Dialysis Increasing the Incidence of Atrial Fibrillation

By: Alere Staff
Publication Date: Fri, 02/01/2013

People undergoing dialysis have an increased risk of developing a common heart rhythm disturbance called atrial fibrillation; which is a risk factor for stroke. A recent study, Trends in the Incidence of Atrial Fibrillation in Older Patients Initiating Dialysis in the United States, found an 11% increase in atrial fibrillation soon after starting dialysis. During the study years of 1995-2008, there was also a 22% reduction in mortality including stroke.1

The study included 250,000 patients aged 67 years or older starting chronic dialysis. Chronic dialysis was described as typically 3 times per week. The incidence rate of atrial fibrillation was reported to be 29%.1

Warfarin (or brand of warfarin such as Coumadin®) is commonly used to prevent stroke in people with atrial fibrillation. The study investigators suggested that higher rates of warfarin use may have been responsible for lower rates of death but they did not have the data to prove it.1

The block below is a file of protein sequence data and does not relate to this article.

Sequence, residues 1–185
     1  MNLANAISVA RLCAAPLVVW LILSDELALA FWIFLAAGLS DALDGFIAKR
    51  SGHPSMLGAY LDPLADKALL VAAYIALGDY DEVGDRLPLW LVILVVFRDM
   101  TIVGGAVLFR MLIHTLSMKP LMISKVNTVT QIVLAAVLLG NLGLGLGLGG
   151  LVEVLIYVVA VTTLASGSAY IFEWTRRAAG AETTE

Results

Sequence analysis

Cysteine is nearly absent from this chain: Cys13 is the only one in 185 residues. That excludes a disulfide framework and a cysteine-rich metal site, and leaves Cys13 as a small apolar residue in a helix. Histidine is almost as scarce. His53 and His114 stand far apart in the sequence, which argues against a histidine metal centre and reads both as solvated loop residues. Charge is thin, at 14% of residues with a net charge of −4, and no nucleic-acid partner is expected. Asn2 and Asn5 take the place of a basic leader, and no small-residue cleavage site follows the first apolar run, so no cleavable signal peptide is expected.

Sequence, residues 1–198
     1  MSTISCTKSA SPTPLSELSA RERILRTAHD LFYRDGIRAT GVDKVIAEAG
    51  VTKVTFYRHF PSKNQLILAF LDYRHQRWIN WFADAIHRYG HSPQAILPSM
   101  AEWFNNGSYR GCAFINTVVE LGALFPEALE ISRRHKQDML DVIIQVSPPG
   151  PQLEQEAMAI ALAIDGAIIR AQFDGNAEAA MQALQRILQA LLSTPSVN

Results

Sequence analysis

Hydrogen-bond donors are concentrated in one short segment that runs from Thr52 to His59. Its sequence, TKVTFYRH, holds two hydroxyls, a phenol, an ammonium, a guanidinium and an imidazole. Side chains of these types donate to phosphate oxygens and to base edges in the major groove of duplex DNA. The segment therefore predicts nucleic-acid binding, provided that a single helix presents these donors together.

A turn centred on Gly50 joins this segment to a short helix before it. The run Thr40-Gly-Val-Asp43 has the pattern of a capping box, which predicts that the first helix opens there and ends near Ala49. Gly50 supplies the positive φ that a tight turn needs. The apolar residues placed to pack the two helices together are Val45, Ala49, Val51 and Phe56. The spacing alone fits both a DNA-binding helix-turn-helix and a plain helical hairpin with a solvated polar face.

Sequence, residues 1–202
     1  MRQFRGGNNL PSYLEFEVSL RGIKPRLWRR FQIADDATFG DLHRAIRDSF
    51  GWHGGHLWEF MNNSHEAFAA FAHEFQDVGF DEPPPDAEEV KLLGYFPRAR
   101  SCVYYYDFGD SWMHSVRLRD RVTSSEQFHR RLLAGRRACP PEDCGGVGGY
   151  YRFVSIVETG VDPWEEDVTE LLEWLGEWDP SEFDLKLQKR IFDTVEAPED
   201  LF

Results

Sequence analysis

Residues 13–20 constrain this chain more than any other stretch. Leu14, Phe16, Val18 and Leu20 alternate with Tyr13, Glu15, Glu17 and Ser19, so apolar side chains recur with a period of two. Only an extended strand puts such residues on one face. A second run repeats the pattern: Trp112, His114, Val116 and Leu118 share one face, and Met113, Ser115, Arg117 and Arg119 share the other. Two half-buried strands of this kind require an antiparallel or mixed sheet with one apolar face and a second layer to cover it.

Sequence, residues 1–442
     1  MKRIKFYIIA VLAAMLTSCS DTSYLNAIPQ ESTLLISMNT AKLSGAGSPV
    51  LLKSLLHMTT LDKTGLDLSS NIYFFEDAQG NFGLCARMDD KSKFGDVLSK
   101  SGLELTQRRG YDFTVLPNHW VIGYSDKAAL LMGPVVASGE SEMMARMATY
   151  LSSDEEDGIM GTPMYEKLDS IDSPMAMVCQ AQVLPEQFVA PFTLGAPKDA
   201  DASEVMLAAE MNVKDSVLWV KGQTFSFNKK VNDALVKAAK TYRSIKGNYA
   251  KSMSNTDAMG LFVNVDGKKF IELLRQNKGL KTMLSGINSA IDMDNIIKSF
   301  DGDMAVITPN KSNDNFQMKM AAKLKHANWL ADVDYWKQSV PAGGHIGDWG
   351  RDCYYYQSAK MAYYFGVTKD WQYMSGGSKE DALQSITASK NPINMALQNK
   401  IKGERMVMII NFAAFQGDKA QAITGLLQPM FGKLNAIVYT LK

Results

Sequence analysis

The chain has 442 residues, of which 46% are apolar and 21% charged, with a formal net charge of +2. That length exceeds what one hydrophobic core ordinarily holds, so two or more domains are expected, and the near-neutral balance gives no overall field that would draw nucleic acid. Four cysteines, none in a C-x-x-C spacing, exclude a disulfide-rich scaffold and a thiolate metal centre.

Previous smaller studies have also shown an increase in atrial fibrillation in people on dialysis.2, 3, 4 However, the authors of those studies stated that the increase in atrial fibrillation was largely associated with those patients who previously had risk factors for atrial fibrillation.

References: 

  1. Wolfgang C. Winkelmayer. 2012. Trends in the Incidence of Atrial Fibrillation in Older Patients Initiating Dialysis in the United States. Circulation. 112.099606.
  2. Zebe H: Atrial fibrillation in dialysis patients. Nephrol Dial Transplant 2000, 15:765-8.
  3. Stroke Prevention in Atrial Fibrillation investigators: Adjusted-dose warfarin versus low-intensity, fixed-dose warfarin plus aspirin for high-risk patients with atrial fibrillation: Stroke Prevention in Atrial Fibrillation III randomised clinical trial. Lancet 1996, 348:633-8.
  4. Abbott K., et al. Atrial fibrillation in chronic dialysis patients in the United states: risk factors for hospitalization and mortality. BMC Nephrology 2003. doi:10.1186/1471-2369-4-1. 

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